Case StudyTackling employment equity
An assistant buyer position was advertised internally in our company and one of our members applied. The comrade was then called in for an interview. After the interview he was told that he lacked experience for the job. The company instead employed a white retired male on a temporary basis. As a union we objected to this and used sections 20(5) and (3) of the EEA and sections 2 of the SDA as our weapons.
Management told us that there was no need to discuss the matter when we wanted it to be discussed through the EE committee. They said they had followed procedure on all steps. After a long process of debates and meetings, we then filed a dispute with the CCMA.
When the company heard that Numsa had filed a dispute on the matter, they immediately proposed that we bring the matter back to discuss it at plant level.
We then had to get our defence concrete and our facts together. It was very motivating to see that the members and even non-union members were totally behind us all the way. The members would say "this thing of employing only whites in influential positions must come to an end".
Ultimately the battle came to an end and we came out of those consultative fora victorious. The comrade was offered the job. From September 1, 2001 , the comrade started working in his office as an assistant buyer for the company. Besides getting the job, the other good news was that the comrade would:
receive a promising increment for the year 2002 have good treatment by both management and clients further his studies soon through the assistance of EE committee and Numsa. He will be doing a B.Tech. retain his Numsa membership.
The EEA Section 20 says:
(3) For purposes of this Act, a person may be suitably qualified for a job as a result of any one of, or any combination of that person's–
a. formal qualifications;
b. prior learning;
c. relevant experience; or
d. capacity to acquire, within a reasonable time, the ability to do the job.
(4) When determining whether a person is suitably qualified for a job, an employer must–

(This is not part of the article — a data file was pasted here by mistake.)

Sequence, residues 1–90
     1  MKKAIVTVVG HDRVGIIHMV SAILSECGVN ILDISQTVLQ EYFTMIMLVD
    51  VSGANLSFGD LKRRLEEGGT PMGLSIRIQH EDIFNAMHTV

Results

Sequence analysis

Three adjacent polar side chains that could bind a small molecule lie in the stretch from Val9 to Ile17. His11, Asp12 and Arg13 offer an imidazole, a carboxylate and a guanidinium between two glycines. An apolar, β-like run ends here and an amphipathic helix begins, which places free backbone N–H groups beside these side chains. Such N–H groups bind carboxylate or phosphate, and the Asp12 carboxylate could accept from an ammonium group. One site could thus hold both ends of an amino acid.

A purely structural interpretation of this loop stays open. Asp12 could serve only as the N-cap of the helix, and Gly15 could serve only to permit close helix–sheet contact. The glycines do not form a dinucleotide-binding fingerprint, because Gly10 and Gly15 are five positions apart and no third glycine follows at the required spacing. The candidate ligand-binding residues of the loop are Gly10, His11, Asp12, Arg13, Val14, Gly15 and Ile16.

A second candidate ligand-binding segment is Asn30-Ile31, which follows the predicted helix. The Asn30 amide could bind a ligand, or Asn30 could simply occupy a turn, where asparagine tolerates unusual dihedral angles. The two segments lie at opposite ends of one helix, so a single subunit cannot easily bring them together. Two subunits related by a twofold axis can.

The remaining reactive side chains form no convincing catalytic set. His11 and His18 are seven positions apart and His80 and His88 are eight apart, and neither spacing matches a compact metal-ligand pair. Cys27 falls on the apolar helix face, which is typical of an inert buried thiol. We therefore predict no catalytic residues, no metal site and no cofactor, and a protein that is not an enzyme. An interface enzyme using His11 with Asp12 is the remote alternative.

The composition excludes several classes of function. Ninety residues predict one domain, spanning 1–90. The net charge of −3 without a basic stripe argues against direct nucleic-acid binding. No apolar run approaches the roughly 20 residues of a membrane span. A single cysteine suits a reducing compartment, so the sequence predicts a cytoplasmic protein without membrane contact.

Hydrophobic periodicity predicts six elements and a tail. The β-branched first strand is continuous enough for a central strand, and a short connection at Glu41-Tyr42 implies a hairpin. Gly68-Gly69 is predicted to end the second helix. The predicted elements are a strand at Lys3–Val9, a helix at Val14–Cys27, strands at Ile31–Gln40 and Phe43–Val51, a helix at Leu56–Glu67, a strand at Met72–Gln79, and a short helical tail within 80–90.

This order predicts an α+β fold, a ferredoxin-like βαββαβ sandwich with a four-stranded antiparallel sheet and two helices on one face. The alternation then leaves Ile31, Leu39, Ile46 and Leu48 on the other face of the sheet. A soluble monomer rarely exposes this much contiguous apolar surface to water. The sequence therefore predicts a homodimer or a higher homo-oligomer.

a. review all the factors listed in subsection (3); and
b. determine whether that person has the ability to do the job in terms of any one of, or any combination of those factors.
(5) In making a determination under subsection (4), an employer may not unfairly discriminate against a person solely on the grounds of that person's lack of relevant experience.
The SDA, Section 2 says:
2. Purposes of Act.
(1) The purposes of this Act are–
(a) to develop the skills of the South African workforce–
(i) to improve the quality of life of workers, their prospects of work and labour mobility;
(ii) to improve productivity in the workplace and the competitiveness of employers;
(iii) to promote self-employment; and
(iv) to improve the delivery of social services;
(b) to increase the levels of investment in education and training in the labour market and to improve the return on that investment;
(c) to encourage employers–
(i) to use the workplace as an active learning environment;
(ii) to provide employees with the opportunities to acquire new skills;
(iii) to provide opportunities for new entrants to the labour market to gain work experience; and
(iv) to employ persons who find it difficult to be employed;
(d) to encourage workers to participate in learnerships and other training programmes;
(e) to improve the employment prospects of persons previously disadvantaged by unfair discrimination and to redress those disadvantages through training and education;
( f ) to ensure the quality of education and training in and for the workplace;
(g) to assist–
(i) work-seekers to find work;
(ii) retrenched workers to re-enter the labour market;
(iii) employers to find qualified employees; and
(h) to provide and regulate employment services.
(2) Those purposes are to be achieved by–
(a) establishing an institutional and financial framework comprising–
(i) the National Skills Authority;
(ii) the National Skills Fund;
(iii) a skills development levy-grant scheme as contemplated in the Skills Development Levies Act;
(iv) labour centres; and
(v) the Skills Development Planning Unit;
(b) encouraging partnerships between the public and private sectors of the economy to provide education and training in and for the workplace; and
(c) co-operating with the South African Qualifications Authority.